Do you really need all those clothes?
Some people will gasp at this, but there is a such thing as having too many clothes. You know half of them are probably not even your size anymore. Go through your clothing and donate what no longer fits or those items you never wear.
If you're holding onto something for just the right moment, you may not ever wear it. Only keep what you actually wear, along with some type of formal attire if you have any.
Speaking of formal wear, do you really need fifteen formal gowns?
Really? How often do you wear them? If your answer is never or hardly ever, you don't need more than one. It's easy to use one "little black dress" as the base of your outfit and have it look completely different each time.
I would even go so far as to say most people don't even need one. They can be rented if you actually have the occasion for one. Most people don't. If it's already there in your closet, you may as well make use of your favorite.
Follow the three month rule.
Excluding seasonal items, if you haven't used something in three months, give it to someone who will or recycle it. You have no use for it. Yes, I know that rug from the '70s may go back in style at some point. But part of the organization involved with moving is getting rid of things you don't need.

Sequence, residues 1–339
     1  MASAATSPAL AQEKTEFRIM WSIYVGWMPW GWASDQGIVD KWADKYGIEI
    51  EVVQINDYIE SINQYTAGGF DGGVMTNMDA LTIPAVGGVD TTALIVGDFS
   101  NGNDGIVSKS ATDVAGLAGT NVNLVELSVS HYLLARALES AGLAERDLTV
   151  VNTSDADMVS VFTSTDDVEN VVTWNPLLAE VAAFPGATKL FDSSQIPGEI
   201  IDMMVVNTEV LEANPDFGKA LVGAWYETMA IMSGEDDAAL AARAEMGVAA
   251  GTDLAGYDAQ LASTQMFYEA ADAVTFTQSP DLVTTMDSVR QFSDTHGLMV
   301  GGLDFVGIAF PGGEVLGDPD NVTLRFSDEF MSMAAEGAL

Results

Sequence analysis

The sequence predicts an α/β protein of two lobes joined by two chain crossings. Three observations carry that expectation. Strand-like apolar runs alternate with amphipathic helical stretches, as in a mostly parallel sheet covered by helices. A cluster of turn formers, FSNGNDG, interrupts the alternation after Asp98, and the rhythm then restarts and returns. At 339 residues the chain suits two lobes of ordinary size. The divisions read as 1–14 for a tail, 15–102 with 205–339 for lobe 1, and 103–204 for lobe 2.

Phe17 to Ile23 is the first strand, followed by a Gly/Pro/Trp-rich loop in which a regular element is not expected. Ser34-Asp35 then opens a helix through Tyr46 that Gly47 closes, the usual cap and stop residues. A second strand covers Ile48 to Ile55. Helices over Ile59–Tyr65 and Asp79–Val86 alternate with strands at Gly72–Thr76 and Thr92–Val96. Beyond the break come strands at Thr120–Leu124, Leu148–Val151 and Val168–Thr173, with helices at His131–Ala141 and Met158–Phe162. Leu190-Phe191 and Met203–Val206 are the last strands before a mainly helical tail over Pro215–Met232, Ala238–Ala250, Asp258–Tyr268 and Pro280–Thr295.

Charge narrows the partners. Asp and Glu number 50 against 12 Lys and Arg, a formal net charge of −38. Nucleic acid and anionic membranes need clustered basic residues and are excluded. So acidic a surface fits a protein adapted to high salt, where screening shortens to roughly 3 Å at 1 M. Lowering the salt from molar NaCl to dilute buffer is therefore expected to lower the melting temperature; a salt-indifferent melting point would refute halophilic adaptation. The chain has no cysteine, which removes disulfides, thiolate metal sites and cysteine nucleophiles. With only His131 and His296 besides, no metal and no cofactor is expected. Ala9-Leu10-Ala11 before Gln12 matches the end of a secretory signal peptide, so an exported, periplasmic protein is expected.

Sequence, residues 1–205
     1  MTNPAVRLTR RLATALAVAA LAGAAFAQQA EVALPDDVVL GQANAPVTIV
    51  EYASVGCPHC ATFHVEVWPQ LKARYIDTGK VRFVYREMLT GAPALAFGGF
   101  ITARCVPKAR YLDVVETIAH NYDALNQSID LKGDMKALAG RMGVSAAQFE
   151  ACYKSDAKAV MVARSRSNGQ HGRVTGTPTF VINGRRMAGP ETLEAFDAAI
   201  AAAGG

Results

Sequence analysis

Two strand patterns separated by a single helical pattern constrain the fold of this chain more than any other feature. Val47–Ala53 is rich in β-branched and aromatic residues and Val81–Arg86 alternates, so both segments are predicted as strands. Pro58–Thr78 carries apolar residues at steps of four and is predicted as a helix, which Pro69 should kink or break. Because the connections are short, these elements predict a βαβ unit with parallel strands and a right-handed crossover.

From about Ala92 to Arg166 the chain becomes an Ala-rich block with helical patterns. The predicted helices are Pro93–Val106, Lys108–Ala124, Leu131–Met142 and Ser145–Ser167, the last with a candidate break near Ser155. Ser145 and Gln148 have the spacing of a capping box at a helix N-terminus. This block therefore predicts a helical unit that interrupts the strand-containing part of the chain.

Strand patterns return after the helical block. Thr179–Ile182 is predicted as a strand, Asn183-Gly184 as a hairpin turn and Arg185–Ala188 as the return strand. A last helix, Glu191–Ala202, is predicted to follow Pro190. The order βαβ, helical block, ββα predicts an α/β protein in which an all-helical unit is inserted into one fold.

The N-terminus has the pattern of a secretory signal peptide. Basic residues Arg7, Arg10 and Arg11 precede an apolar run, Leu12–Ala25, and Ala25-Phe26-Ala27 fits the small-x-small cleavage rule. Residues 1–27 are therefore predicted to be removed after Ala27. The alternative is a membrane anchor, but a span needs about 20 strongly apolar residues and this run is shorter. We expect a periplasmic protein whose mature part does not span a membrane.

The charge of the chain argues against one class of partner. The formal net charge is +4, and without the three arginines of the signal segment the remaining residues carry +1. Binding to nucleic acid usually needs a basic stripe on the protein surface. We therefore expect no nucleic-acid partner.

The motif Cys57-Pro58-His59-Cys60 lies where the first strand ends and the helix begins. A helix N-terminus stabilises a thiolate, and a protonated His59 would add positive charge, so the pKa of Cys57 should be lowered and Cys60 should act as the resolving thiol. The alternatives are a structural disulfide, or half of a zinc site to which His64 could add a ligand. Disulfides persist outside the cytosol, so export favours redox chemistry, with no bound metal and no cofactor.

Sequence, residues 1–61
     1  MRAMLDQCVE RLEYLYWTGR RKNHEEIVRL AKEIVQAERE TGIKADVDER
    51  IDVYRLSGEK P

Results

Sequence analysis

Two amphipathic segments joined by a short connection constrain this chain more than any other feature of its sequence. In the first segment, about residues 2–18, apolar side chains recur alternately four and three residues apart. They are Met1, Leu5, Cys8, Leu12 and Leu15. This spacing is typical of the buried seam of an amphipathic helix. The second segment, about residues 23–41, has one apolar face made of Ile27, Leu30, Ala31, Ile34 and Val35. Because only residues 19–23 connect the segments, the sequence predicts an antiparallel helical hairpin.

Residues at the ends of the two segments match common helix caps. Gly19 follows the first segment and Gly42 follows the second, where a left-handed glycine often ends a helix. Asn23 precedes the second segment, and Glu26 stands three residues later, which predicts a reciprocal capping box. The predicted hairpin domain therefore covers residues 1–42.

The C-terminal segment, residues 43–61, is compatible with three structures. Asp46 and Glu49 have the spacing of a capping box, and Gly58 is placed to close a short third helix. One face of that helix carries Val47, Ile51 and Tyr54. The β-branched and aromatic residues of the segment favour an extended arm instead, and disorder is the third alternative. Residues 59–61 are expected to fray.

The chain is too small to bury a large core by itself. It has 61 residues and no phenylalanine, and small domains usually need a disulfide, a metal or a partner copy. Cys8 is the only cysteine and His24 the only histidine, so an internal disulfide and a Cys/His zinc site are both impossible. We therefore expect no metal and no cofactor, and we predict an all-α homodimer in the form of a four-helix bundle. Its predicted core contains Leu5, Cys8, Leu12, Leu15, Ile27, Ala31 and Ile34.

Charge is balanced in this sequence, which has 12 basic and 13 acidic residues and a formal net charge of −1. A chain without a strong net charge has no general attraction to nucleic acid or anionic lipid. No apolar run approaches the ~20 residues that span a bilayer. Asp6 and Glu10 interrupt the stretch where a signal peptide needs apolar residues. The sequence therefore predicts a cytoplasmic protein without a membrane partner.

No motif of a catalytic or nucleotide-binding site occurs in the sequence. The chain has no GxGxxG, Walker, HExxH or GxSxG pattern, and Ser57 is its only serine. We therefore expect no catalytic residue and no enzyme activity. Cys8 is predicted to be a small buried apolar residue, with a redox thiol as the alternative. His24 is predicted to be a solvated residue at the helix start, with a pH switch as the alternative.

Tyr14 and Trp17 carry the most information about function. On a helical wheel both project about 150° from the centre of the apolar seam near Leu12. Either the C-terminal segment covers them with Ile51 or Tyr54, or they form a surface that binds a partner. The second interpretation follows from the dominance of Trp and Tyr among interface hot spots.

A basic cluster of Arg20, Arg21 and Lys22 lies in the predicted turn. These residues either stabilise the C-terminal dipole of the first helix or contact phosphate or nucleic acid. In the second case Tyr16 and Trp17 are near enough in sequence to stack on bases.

You don't need that rug. You also don't need all those stuffed animals you should have gotten rid of as a kid or that cracked mirror that's peeling off your bedroom door. Organize unwanted items by donating or selling what's still useful, recycling what you can that isn't, and trashing what's left.
Label everything and keep it neatly in a designated area.
This has been a lifesaver as we prepare to move. Each time we pack something, it goes into a particular area of the house. If it's a box or container, it gets labeled. If it's furniture, it gets positioned in a way that it cannot be used. This helps prevent the dreaded unpacking of packed items.
We try to keep that area as orderly as possible but with kids running around, it can be difficult. Kids don't like their items packed. They will try to unpack them. Packing them as securely and out of reach as possible helps, if you have little ones. A locked unused room or storage area may help.
Tape each box shut once it's packed, to keep out kids AND adults.
Again, kids don't like their items packed. So to prevent the kids from unpacking the boxes, it's a good idea to tape them all shut. We do this with all containers, even plastic storage bins. Duct tape is our preferred tape as it deters the kids better than standard packaging tape. It will take them longer to work at it and generally, they'll get caught before they get very far.
Since I know you are thinking it, yes, sealing the boxes with tape helps prevent adults from unpacking too. It isn't foolproof, but it does help. When everything is taped up and ready to go, it is more likely to stay organized as you prepare to move.
LAST UPDATED 2/24/2022